Dental Care: How Dental X-Rays Add To A Pet’s Care
It’s no surprise that AVAC is passionate about your pet’s health and happiness when it comes to dental care. We frequently write about the importance of regular dental exams and professional cleanings. This month we are excited to announce the addition of our new, state-of-the-art dental x-ray equipment, providing dental radiographs (x-rays) that offer an improved method of detection and care for your pet.
Spotting teeth that have lots of tarter buildup is easy to see, but detecting hidden problems below the gumline, like an abscess or tooth resorption requires dental x-rays. Since 60% of a pet’s tooth is below the gumline, detection of problems in a timely manner allows for an effective treatment plan.
Resorption, Abscess, and Other Hidden Problems
Dogs and cats are affected by many of the same dental problems including periodontal disease, fractured teeth, and oral growths. Cats are also afflicted with tooth resorption and inflammation. Over 50% of cats aged three years and older have tooth resorption – where the affected tooth will erode and disappear. If the tooth roots are affected, they will be replaced by bone (see x-ray below).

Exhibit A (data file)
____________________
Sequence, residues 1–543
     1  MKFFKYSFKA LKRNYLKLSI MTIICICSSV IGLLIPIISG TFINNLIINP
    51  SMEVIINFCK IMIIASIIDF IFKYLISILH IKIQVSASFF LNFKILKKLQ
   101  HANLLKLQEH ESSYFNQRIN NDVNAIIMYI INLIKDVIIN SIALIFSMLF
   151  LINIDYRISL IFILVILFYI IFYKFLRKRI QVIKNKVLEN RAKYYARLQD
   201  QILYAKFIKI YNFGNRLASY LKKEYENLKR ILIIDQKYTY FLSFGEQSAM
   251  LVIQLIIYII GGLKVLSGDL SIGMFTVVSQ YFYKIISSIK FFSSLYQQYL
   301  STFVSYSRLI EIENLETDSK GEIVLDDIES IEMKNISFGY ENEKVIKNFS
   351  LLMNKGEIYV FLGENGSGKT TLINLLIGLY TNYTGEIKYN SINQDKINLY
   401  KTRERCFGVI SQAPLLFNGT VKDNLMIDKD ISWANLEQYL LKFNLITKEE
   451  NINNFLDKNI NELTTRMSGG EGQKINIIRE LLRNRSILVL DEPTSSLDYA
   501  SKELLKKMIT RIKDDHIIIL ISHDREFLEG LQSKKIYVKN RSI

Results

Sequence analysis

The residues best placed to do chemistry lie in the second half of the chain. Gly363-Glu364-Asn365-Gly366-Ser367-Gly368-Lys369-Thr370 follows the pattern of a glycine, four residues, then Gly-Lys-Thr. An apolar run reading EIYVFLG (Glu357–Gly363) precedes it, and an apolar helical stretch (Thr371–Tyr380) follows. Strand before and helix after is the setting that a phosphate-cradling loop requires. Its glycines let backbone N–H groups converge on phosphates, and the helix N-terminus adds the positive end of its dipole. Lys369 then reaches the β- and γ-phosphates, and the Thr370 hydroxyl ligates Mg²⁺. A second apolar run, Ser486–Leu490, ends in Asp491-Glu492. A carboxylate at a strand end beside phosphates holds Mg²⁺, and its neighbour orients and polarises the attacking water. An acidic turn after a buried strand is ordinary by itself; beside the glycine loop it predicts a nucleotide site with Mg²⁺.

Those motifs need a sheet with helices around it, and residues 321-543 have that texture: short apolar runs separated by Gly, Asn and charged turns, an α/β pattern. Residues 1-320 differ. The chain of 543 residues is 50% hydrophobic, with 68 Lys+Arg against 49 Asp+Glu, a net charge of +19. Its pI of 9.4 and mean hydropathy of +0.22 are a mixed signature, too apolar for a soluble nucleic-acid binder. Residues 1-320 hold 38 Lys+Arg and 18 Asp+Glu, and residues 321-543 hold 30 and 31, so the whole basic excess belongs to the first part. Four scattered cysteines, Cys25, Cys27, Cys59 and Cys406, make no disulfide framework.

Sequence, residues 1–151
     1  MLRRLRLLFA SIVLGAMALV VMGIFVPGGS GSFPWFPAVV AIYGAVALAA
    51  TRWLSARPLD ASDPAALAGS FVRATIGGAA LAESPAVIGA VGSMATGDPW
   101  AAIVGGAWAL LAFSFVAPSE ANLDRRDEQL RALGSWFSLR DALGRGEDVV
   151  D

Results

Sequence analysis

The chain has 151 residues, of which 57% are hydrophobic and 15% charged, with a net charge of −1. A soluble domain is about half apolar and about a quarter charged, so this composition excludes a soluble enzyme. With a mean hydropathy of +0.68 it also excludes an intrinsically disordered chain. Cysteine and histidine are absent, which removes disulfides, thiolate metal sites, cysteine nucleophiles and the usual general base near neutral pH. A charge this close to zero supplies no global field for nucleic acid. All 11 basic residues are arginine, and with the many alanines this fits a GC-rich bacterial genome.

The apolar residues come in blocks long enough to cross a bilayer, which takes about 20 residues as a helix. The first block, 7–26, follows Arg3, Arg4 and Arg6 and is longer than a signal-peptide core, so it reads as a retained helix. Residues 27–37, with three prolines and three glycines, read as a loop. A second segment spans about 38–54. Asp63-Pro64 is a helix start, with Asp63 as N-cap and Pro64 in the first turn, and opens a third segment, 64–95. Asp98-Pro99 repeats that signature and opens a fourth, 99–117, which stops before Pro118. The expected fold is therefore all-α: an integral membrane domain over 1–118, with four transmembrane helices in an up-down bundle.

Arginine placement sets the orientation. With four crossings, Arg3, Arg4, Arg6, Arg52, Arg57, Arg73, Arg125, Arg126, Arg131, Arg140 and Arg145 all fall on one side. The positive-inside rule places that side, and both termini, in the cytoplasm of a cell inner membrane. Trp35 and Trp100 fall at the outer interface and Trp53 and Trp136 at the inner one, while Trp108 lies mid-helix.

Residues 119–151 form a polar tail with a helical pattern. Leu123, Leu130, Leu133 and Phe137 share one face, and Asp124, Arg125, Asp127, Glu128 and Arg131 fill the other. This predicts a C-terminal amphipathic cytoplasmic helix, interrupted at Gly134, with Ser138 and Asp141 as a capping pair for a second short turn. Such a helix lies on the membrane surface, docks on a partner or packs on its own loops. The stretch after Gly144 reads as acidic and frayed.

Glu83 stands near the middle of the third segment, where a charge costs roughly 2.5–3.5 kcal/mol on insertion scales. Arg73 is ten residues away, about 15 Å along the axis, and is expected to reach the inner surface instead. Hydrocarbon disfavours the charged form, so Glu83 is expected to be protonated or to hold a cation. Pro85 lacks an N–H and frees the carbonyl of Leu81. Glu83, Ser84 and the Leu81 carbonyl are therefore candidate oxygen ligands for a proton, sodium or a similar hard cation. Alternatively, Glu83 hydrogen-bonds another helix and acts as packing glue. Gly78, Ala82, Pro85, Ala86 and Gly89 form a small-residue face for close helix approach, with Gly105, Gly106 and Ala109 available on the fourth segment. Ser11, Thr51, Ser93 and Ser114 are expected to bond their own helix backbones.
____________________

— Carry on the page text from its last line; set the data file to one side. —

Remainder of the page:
Cats affected by tooth resorption may show signs of excessive drooling, bleeding in the mouth, or difficulty eating. This painful condition is treated by extracting the affected tooth.
Dental x-rays can also detect a tooth abscess (see x-rays below). An abscess is an infection that forms around a tooth. This happens when a tooth breaks if periodontal disease is present. Other dental problems that x-rays can uncover include, impacted teeth, dead teeth, retained root fragments, and oral cancer.
Dental x-rays are part of a comprehensive oral exam each pet receives when they undergo dental care (such as a professional dental cleaning). While the pet is under general anesthesia - a thorough exam is performed, including x-rays. This helps the vet see issues that otherwise could go unseen or untreated through a visual exam only.
Signs of Dental Problems
A common misconception is that pets stop eating if they have dental problems. Actually, pets will keep eating even if they have severe periodontal disease. There are signs that can indicate your pet may be experiencing dental problems and need to see one of our vets for a thorough dental exam. These include:
1. Bad breath
2. Broken tooth/teeth
3. Excessive drooling
4. Chewing with or favoring one side of the mouth
5. Loss of symmetry of the muzzle and/or lower jaw
6. Bleeding from the mouth
7. Pawing at or rubbing the muzzle/mouth
8. Swollen/draining tracts under (or in front of) the eye
9. Sudden change in behavior
10. Chronic eye infections or drainage with no exact cause or cure
11. Inability to open or close the mouth
12. Chronic sneezing
13. Discolored tooth/teeth
14. Abnormal discharge from nose
15. A mass/growth in the mouth
If any of these signs are noticed, schedule your pet for an oral exam with one of our vets.
With today’s advanced dental care, x-rays, and treatment options, pets do not have to suffer the pain and discomfort of oral problems. Making sure your pet has regular comprehensive dental exams, dental care, x-rays, and providing daily plague prevention will help your pet live a healthier, happier life.
To schedule your pet’s appointment, call (205) 967-7383.
Ann Brennan, DVM